The Tower and The Wall (Movie Thoughts: Under The Eiffel Tower/Berlin I Love You )

under-the-eiffel-tower-movie-posterThere are bad movies that you know are going to be bad, and there are some that are just so disappointing.  I did not know much about Archie Border’s ‘Under The Eiffel Tower’ except for its premise – a man proposes under the Eiffel Tower, and wouldn’t you agree that the idea just seems so romantic? But that plot point is used so ridiculously in this film, and the rest of it is even worse. I never believed in any of the story, specifically the love story between the two main characters. Matt Walsh and Judith Godreche try but the script is dead on arrival, and you can’t unbury the dead. I checked out of the story fairly early on and never got back in. Sure, the film is on the short side, but I probably could have better used my time napping.

0_cOR3jtwPN-PrbDloFrom France we go now to Germany, specifically Berlin. The city is host to the newest film of the “Cities of Love” series, and while it is an odd choice (Do you think romantic when you think of the Berlin Wall and Holocaust Memorial?) I can play teh game. The film consists of ten short films, all kind of connected by one story line of two people meeting cute , a street angel and a street musician. There are some interesting people contributing here – Neil LaBute writes one of them – but it’s all so disjointed that a nice little short about a trans woman (played by Diego Luna) and a teenager gets lost in all the other noise. I mildly liked most of it, except for one storyline (the LaBute one, starring Mickey Rourke, natch) that was kind of creepy. And my Gerald Nolan Funk is here, dancing, so it can’t bee too bad.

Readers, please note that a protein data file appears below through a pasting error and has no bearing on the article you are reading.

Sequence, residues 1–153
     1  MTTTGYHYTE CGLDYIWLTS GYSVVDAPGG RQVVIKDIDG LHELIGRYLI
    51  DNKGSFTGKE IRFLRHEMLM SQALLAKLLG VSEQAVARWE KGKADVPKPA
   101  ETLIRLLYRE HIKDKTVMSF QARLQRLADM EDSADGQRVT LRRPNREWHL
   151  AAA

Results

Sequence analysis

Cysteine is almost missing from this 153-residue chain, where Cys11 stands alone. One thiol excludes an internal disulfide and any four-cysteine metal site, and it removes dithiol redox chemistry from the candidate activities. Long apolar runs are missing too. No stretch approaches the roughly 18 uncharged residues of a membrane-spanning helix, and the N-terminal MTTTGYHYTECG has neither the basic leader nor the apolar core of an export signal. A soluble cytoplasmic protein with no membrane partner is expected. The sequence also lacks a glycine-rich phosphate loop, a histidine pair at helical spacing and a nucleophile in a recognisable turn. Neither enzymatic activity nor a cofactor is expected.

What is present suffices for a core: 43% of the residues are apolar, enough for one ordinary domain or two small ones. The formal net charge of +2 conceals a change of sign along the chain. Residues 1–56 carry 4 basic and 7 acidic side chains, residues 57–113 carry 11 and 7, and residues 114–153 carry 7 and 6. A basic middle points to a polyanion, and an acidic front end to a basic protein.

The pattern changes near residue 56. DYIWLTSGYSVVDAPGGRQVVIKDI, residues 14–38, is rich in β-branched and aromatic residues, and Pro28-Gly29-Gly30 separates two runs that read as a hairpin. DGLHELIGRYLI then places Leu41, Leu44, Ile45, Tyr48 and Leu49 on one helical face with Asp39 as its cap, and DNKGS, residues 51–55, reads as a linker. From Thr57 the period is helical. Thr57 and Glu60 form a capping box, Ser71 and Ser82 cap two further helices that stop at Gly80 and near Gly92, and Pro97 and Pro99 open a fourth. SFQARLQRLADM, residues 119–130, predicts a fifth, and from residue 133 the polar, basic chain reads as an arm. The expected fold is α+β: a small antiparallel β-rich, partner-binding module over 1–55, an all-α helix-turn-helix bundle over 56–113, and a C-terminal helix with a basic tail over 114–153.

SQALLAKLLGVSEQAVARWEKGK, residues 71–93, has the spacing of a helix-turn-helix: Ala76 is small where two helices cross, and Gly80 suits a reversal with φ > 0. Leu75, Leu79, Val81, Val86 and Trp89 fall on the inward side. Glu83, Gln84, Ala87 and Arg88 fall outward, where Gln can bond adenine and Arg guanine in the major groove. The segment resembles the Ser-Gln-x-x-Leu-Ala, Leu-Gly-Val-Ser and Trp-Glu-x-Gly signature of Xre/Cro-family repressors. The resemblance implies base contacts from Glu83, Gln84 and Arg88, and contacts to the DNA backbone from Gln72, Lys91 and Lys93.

Love Begins With One Hello (Film Thoughts: Hello Again)

helllo_1507045388I remember seeing ‘Hello Again’ off-Broadway at Lincoln Center many years ago, and I remember disliking it. Even though I liked the performances (Donna Murphy! John Cameron Mitchell!) I really was put off by Michael John LaChiusa’s score. I have always been a purist when it comes to musical theater – I’m old fashioned, please don’t mind me – and it took me a long while to get adjusted to the ‘modern’ composers whose themes are more discordant, and tuneless.

So maybe it’s that maturity that made me appreciate the score now, more than twenty years later, and actually, it really has grown on me, and I even like it a lot now. Or perhaps it’s the MTV effect. Paired with the great visuals in the film, the music resonated more. The show was inspired by Arthur Shnitzler’s La Ronda, and features vignettes of people engaging in sexual acts, all done elegantly, so there’s nothing smutty here.

s592I loved this movie, and I had reservations. It was perfectly cast with a cast with blazing screen presences, voices that life the score, and sensuality that is needed to essay the score. I cannot think of anyone who is a weak link – everyone was perfect. To my eyes, the male cast was perfection – starting with Gerald Nolan Funk and Al Calderone. And has Cheyenne Jackson ever been sexier on film? I was mesmerized by Tyler Blackburn (Where has he been all my life?) and thought T R Knight was best with his scene from the Titanic.

And of course, Audra McDonald. She sizzles on screen as she does on stage. You cannot take your eyes off her, and when she sings, angels would take notes. I hadn’t known that Rumer Willis (of Demi and Bruce) was good like this good, and Martha Plimpton always delivers.

The vignettes, to me, played like music videos, and probably better suited for this medium. Some of the sexuality seems tempered, but I guess that wasn’t really the point of the film. But to me, the whole was very enjoyable, and when the credits started to roll, I wanted more.